A prestigious Japanese medical university allegedly doctored female applicants’ entrance exam scores for years because school officials believed that once women get married or have children they are less dependable workers than men.
The Yomiuri Shimbun, one of Japan’s largest daily newspapers, published a groundbreaking report Thursday that accused Tokyo Medical University of deducting points from women’s entrance exams to ensure that women only account for 30 percent of students at the school. The report alleges that school officials believed women wouldn’t contribute to the university’s hospital staff.
One anonymous source explained to Yomiuri Shimbun why the university began doctoring female applicants’ exams.
“Many female students who graduate end up leaving the actual medical practice to give birth and raise children,” the source said, according to Japanese newspaper The Asahi Shimbun. “There was a silent understanding (to accept more male students) as one way to resolve the doctor shortage.”
The South China Morning Post also reported a source told Yomiuri Shimbun that “There is a consensus inside the university that male doctors support the university hospital.”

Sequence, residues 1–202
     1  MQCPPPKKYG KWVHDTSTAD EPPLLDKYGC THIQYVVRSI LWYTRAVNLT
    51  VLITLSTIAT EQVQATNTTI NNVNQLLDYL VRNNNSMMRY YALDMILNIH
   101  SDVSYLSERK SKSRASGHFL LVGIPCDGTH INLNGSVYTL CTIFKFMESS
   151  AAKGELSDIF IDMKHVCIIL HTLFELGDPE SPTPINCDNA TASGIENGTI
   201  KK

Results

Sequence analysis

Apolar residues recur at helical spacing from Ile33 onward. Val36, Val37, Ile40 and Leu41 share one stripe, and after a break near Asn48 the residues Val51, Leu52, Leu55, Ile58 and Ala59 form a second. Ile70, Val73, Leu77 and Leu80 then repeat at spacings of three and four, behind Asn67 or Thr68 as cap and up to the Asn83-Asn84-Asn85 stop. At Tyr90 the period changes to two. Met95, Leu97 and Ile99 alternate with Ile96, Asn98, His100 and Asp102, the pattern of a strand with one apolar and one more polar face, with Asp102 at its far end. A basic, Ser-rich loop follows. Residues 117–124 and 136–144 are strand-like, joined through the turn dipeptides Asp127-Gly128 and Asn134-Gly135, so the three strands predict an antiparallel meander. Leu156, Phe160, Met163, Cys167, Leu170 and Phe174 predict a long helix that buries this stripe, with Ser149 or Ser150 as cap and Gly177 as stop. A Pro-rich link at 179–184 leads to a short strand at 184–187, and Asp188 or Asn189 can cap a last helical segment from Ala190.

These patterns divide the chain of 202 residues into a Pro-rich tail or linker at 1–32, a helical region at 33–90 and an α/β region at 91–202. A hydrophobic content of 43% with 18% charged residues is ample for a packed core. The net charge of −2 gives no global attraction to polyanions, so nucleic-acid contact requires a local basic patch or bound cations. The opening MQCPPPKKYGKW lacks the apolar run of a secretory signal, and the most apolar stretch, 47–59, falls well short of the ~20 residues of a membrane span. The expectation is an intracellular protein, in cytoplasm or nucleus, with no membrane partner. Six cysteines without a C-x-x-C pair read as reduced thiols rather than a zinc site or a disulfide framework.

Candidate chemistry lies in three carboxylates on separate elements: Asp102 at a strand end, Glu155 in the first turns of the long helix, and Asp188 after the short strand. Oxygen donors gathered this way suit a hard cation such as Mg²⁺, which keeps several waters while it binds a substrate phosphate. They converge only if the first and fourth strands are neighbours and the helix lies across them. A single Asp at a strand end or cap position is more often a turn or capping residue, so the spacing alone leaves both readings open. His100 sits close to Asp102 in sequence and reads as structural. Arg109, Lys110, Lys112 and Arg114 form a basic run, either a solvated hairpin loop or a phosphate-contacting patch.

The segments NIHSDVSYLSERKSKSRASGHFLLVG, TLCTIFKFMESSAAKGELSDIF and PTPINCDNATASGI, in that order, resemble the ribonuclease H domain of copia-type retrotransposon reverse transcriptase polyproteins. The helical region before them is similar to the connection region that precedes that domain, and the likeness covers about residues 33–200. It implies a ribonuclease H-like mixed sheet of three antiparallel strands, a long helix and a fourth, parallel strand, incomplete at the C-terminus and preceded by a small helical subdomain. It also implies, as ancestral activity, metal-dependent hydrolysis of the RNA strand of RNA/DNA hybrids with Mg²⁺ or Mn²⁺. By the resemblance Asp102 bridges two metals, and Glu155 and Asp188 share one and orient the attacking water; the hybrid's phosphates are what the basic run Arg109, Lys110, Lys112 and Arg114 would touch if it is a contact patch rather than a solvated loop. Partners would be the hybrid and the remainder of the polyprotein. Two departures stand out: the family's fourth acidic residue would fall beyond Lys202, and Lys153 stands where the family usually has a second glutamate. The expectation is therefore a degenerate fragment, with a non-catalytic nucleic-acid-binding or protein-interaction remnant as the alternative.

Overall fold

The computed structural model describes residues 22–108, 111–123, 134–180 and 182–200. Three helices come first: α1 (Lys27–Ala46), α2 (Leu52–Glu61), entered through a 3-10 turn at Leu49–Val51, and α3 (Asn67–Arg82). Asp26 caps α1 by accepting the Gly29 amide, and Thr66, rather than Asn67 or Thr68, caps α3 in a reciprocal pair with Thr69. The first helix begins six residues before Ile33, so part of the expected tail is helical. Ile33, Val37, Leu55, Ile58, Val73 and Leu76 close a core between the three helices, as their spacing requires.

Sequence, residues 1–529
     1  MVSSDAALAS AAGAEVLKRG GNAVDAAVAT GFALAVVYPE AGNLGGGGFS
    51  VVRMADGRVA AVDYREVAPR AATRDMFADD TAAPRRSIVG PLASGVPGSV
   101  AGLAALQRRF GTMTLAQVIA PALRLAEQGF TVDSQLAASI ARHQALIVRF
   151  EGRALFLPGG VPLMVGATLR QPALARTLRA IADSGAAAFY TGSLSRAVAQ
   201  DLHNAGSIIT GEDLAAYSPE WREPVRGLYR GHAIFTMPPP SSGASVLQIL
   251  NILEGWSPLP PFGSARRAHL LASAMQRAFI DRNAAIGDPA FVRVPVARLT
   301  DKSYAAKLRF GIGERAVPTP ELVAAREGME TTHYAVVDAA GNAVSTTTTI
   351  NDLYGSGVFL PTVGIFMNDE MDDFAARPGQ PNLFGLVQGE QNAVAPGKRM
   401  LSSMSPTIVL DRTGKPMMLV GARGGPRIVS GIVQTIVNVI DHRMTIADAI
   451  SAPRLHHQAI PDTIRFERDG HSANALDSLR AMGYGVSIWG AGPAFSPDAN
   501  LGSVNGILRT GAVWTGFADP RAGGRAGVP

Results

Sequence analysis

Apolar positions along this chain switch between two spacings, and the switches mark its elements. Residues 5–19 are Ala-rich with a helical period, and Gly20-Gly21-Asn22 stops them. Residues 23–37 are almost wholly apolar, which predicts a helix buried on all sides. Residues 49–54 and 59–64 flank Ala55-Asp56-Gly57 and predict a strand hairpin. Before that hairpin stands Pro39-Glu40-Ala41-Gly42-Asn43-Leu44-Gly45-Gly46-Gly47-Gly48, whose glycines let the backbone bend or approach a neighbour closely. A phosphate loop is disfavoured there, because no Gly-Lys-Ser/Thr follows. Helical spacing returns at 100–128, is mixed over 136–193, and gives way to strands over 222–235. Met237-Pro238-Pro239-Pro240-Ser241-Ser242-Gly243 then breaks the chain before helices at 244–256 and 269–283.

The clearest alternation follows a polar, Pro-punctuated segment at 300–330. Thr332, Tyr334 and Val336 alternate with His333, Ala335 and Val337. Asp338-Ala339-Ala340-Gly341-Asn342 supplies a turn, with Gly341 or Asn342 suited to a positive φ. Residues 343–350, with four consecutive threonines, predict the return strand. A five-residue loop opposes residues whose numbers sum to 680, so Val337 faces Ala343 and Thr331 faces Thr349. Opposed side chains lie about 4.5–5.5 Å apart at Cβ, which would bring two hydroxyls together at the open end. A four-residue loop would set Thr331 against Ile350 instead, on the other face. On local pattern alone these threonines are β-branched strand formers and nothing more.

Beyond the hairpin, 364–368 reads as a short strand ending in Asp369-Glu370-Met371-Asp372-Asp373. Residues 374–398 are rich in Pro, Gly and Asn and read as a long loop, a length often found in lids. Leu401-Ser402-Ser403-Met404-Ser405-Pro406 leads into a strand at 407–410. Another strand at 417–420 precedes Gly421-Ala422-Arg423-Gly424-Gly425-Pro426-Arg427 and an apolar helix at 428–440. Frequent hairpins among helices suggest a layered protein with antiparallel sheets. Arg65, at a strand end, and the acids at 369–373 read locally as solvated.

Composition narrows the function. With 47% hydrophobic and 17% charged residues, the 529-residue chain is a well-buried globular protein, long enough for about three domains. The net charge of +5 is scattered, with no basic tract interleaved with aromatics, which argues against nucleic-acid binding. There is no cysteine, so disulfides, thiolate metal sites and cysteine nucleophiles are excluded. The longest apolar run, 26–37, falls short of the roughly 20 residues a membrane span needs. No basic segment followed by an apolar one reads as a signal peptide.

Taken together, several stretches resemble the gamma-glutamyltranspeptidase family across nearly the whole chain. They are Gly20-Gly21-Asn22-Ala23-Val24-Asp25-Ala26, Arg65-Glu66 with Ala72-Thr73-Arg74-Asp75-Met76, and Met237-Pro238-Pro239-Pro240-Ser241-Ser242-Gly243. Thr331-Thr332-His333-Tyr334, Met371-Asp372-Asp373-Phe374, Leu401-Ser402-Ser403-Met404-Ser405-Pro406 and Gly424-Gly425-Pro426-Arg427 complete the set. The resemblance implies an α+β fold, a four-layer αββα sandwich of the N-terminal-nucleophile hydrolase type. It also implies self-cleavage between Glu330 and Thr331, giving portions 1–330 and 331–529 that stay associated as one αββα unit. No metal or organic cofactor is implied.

Although the number of doctors in Japan has increased slightly in recent years, a shortage of doctors has plagued the country for decades. The shortage of medical professionals in Japan stems from most doctors choosing to work in larger cities and in similar fields such as dermatology and ophthalmology to avoid working long hours.
Yomiuri Shimbun found that between 2009 and 2010 the incoming rate of female students to Tokyo Medical University doubled, with women making up 40 percent of the 2010 class. According to a translation by The Japan Times, Yomiuri Shimbun, citing unnamed sources, reported the school began doctoring exam scores for the 2011 class by deducting anywhere between 10 to 20 points from female applicants’ tests.
Asahi Shimbun analyzed Tokyo Medical University’s pool of 2018 students and found that only 30 women were accepted, compared to 141 men.
“Following the report this morning, we asked a law firm to launch an internal investigation into the reported issue,” a spokesman for the Tokyo Medical University Fumio Azuma said, according to South China Morning Post.
Executive board member of Japan Joint Association of Medical Professional Women Ruriko Tsushima condemned the university’s alleged gender discrimination in an interview with the Japan Times.
“I can’t forgive (what the institution is said to have) done to people who studied hard to get into the university, hoping to become doctors,” she said. “It shouldn’t happen in a democratic country that is supposed to provide equal educational opportunities.”
Tokyo Medical University is currently under investigation over accusations of corruption and bribery. According to Japan Times, school officials added points to high-level education ministry official Futoshi Sano’s son’s entrance exam scores in exchange for access to a school financial grant. Sano was arrested last month and is denying all allegations. The investigation into Sano intensified media scrutiny of the school’s practices.
CORRECTION: The photo in a previous version of this story portrayed the wrong medical school.